From the definition of the definite integral we have,

\begin{align*}\int_{{\,a}}^{{\,b}}{{c\,f\left( x \right)\,dx}} & = \mathop {\lim }\limits_{n \to \infty } \sum\limits_{i = 1}^n {c\,f\left( {x_i^*} \right)\Delta x} \\ & = \mathop {\lim }\limits_{n \to \infty } c\sum\limits_{i = 1}^n {f\left( {x_i^*} \right)\Delta x} \\ & = c\mathop {\lim }\limits_{n \to \infty } \sum\limits_{i = 1}^n {f\left( {x_i^*} \right)\Delta x} \\ & = c\int_{{\,a}}^{{\,b}}{{f\left( x \right)\,dx}}\end{align*}

Remember that we can pull constants out of summations and out of limits. #### Proof of : $$\int_{{\,a}}^{{\,b}}{{f\left( x \right) \pm g\left( x \right)\,dx}} = \int_{{\,a}}^{{\,b}}{{f\left( x \right)\,dx}} \pm \int_{{\,a}}^{{\,b}}{{g\left( x \right)\,dx}}$$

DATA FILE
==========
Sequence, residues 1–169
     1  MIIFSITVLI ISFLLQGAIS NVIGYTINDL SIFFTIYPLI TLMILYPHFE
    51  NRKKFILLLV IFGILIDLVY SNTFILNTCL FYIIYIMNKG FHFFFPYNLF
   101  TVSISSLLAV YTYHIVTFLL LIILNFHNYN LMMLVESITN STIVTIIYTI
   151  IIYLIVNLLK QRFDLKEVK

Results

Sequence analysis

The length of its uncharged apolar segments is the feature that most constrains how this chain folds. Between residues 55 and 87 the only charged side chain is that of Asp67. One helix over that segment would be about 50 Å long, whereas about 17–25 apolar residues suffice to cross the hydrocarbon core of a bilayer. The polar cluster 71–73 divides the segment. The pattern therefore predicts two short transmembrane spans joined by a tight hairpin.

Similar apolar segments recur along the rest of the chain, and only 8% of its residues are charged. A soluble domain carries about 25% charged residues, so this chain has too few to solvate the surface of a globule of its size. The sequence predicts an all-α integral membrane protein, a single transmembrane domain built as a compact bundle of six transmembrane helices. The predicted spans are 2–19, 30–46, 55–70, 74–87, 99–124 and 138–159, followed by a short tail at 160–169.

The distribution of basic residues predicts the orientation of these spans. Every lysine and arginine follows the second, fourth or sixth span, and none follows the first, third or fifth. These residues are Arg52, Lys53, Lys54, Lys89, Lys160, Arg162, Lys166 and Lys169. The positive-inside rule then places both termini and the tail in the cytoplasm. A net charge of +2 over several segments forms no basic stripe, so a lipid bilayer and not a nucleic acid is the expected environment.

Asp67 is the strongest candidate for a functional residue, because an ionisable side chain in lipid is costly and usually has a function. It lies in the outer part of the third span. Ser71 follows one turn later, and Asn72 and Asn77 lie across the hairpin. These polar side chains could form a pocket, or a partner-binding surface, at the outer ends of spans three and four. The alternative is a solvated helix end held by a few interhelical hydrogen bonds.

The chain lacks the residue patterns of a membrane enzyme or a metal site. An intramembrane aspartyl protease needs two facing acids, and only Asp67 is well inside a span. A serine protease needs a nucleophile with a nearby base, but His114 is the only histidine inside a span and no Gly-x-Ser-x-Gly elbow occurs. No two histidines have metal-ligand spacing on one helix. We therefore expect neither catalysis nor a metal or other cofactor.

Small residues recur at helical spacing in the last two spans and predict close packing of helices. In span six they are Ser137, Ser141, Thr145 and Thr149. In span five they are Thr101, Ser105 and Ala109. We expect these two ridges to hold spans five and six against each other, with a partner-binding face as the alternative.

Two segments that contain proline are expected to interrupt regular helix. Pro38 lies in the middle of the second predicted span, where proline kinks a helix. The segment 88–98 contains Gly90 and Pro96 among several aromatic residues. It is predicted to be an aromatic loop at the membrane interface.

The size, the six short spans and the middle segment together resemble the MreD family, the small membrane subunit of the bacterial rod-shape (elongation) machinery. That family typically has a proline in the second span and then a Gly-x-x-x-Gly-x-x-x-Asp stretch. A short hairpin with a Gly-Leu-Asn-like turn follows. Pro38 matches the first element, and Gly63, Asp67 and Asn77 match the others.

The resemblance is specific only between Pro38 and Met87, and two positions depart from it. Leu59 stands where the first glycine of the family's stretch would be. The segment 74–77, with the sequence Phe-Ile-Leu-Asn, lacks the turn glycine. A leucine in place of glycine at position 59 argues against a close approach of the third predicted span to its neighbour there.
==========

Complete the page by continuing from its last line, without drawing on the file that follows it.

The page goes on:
First we’ll prove the formula for “+”. From the definition of the definite integral we have,

\begin{align*}\int_{{\,a}}^{{\,b}}{{f\left( x \right) + g\left( x \right)\,dx}} & = \mathop {\lim }\limits_{n \to \infty } \sum\limits_{i = 1}^n {\left( {f\left( {x_i^*} \right) + \,g\left( {x_i^*} \right)} \right)\Delta x} \\ & = \mathop {\lim }\limits_{n \to \infty } \left( {\sum\limits_{i = 1}^n {f\left( {x_i^*} \right)\Delta x} + \sum\limits_{i = 1}^n {g\left( {x_i^*} \right)\Delta x} } \right)\\ & = \mathop {\lim }\limits_{n \to \infty } \sum\limits_{i = 1}^n {f\left( {x_i^*} \right)\Delta x} + \mathop {\lim }\limits_{n \to \infty } \sum\limits_{i = 1}^n {g\left( {x_i^*} \right)\Delta x} \\ & = \int_{{\,a}}^{{\,b}}{{f\left( x \right)\,dx}} + \int_{{\,a}}^{{\,b}}{{g\left( x \right)\,dx}}\end{align*}

To prove the formula for “-” we can either redo the above work with a minus sign instead of a plus sign or we can use the fact that we now know this is true with a plus and using the properties proved above as follows.